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This question is from the Third Edition of Axler's Linear Algebra Done Right (2.C, #14)

Suppose $U_1,\ldots,U_m$ are finite-dimensional subspaces of vector space V. Prove that $U_1 + \cdots + U_m$ is finite-dimensional and $$\text{dim($U_1 + \cdots + U_m$)} \leq \text{dim $U_1 + \cdots +$ dim $U_m$.} \tag{1}\label{eq1}$$

I understand how to show that $ U_1 + \cdots + U_m $ is finite-dimensional since the sum of subspaces of V is a subspace of V (Thm. 1.39) and any subspace of a finite-dimensional vector space is finite-dimensional (Thm. 2.26). However, I'm stuck on proving the bound.

Here's what I've got so far:

From the previous statements, it follows that

$$\text{dim($U_1 + \cdots + U_m$)} \leq \text{dim }V \tag{2}\label{eq2} $$

from Thm 2.38. Now, assume $ v_1, \ldots, v_n $ is a basis for V. Then there exists a subset of these basis vectors that is a basis for each of $U_1,\ldots,U_m$. Summing these basis vectors together is the same as adding the dimensions of the subspaces together, resulting in

$$\text{dim $U_1 + \cdots +$ dim $U_m$.} \tag{3}\label{eq3}$$

I'm not sure how to connect Equations \eqref{eq2} and \eqref{eq3} to produce \eqref{eq1}. I'm also not sure if my method of summing basis vectors is valid or the best way to go about this problem.

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  • $\begingroup$ Can you do the case $m=2$? $\endgroup$ – Lord Shark the Unknown Jul 11 '18 at 5:03
  • $\begingroup$ From what you write, there seems to be no reason to suppose that $V$ is finite-dimensional. $\endgroup$ – Lord Shark the Unknown Jul 11 '18 at 5:04
  • $\begingroup$ True, it doesn't say that V is finite-dimensional in the problem, just that $U_1,\ldots,U_m$ are finite-dimensional subspaces of V. So I'd probably need to use the smallest containing subspace in all of my assertions, not V. $\endgroup$ – ksankar Jul 11 '18 at 5:09
  • $\begingroup$ The case $m=2$ makes sense since it translates to the formula from Thm 2.43. And $\dim U_1 + \dim U_2 \geq \dim U_1+\dim U_2-\dim(U_1 \cap U_2)$. $\endgroup$ – ksankar Jul 11 '18 at 5:11
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You're on the right track in considering a basis of each $U_i,$ but equation $(2)$ is not quite what you need. Instead of $V,$ consider the subspace $U$ spanned by all the bases of the all $U_i.$ (This is the smallest subspace containing all the $U_i.$) Then I think you'll have no trouble.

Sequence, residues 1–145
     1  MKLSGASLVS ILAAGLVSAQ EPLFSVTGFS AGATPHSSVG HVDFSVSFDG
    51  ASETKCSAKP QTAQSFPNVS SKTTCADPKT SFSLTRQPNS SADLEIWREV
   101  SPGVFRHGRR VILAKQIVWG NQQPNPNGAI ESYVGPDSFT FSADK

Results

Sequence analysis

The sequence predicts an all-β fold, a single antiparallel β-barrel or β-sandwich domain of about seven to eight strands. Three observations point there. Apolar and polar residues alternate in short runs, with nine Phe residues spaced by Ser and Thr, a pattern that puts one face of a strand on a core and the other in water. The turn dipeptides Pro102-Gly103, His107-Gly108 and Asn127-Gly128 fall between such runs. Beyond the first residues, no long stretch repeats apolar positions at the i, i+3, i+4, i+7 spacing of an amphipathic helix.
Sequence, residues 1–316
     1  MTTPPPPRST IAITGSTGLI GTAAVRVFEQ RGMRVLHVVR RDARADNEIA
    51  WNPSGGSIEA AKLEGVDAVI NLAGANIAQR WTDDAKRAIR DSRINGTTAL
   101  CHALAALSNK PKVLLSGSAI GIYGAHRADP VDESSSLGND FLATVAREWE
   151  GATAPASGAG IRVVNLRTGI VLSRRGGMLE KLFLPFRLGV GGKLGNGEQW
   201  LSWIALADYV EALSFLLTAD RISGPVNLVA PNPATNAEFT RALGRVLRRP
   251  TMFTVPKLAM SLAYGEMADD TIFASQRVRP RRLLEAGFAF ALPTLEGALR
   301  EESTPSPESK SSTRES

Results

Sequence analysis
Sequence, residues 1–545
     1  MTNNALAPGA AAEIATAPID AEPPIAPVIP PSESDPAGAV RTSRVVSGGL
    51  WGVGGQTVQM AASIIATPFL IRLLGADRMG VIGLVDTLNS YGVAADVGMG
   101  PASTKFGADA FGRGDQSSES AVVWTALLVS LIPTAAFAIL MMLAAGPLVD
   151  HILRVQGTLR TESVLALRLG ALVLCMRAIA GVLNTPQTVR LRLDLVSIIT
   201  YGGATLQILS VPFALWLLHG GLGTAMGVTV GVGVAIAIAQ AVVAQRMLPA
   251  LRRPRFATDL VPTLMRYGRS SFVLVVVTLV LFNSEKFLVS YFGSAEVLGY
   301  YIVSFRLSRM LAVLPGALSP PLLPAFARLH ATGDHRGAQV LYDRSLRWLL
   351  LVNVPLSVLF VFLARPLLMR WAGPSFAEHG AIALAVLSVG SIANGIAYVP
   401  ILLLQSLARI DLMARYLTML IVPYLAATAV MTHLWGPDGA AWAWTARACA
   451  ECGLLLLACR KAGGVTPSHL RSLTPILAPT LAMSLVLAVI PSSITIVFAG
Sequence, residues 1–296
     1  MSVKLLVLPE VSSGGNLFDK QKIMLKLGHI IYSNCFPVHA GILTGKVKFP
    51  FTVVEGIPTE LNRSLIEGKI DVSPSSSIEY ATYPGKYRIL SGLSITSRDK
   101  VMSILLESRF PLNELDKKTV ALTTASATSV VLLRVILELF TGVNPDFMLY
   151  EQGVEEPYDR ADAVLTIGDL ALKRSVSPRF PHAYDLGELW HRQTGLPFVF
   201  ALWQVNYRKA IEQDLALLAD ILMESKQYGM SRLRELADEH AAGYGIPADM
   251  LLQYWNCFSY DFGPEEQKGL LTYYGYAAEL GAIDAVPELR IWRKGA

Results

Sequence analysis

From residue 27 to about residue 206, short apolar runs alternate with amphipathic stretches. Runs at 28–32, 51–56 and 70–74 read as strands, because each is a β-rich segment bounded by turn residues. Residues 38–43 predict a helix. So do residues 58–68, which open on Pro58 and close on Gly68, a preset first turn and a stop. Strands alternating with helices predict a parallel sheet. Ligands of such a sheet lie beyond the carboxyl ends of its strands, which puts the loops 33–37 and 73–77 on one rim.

EDIT

Since all the $U_i$ are subspaces of $U,$ you can substitute $U$ for $V$ in your equation $(2)$.$$\dim(U_1 + \cdots + U_m) \leq \dim U $$ But we have a set of vectors of cardinality $\text{dim} U_1 + \cdots + \text{dim} U_m$ that spans $U,$ namely all the basis vectors of all the $U_i,$ so $\dim U$ can't be more than that.

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  • $\begingroup$ Okay, that makes sense. So I'd have to use the fact that smallest containing subspace (as you defined $U$) has dimension equal to the sum of the individual dimensions from equation (3). I'd then use the dimension of a subspace bound to show that the LHS of equation (2) is less than or equal to equation (3) (since the sum of the $U_i$s is a subspace of $U$). Would this be the correct line of reasoning? $\endgroup$ – ksankar Jul 11 '18 at 4:51
  • $\begingroup$ No, the smallest subspace containing all the $U-I$ has dimension less than or equal to the sum of the dimensions. That's what you're proving. I've having trouble fitting this in a comment; I'll update my answer. $\endgroup$ – saulspatz Jul 11 '18 at 5:20
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The argument is made easier by working with spanning sets and bases.

By definition the dimension of a vector space is finite if it is spanned by a finite set of vectors. In this case any two bases of the vector space have the same number of vectors, and this number is called the dimension of the vector space.

Note that this implies that if $k$ vectors span $W$ then $\dim W \leq k$, because a basis of $W$ has no more vectors than a spanning set.

If the dimensions of $U_{i}$ are finite, then each is spanned by a finite collection of vectors. By definition of the sum $U_{1} + \dots + U_{m}$ the union of these finite spanning sets spans the sum $U_{1} + \dots + U_{m}$, so the sum is finite-dimensional. If the set spanning $U_{i}$ is a basis of $U_{i}$, then its cardinality is $\dim U_{i}$; the union of these bases spans the sum $U_{1} + \dots + U_{m}$ but it is not necessarily linearly independent, so it contains at least as many vectors as any basis of $U_{1} + \dots + U_{m}$. It contains $\sum_{i = 1}^{m}\dim U_{i}$ vectors, so $\sum_{i=1}^{m}\dim U_{i} \geq \dim(U_{1} + \dots + U_{m})$.

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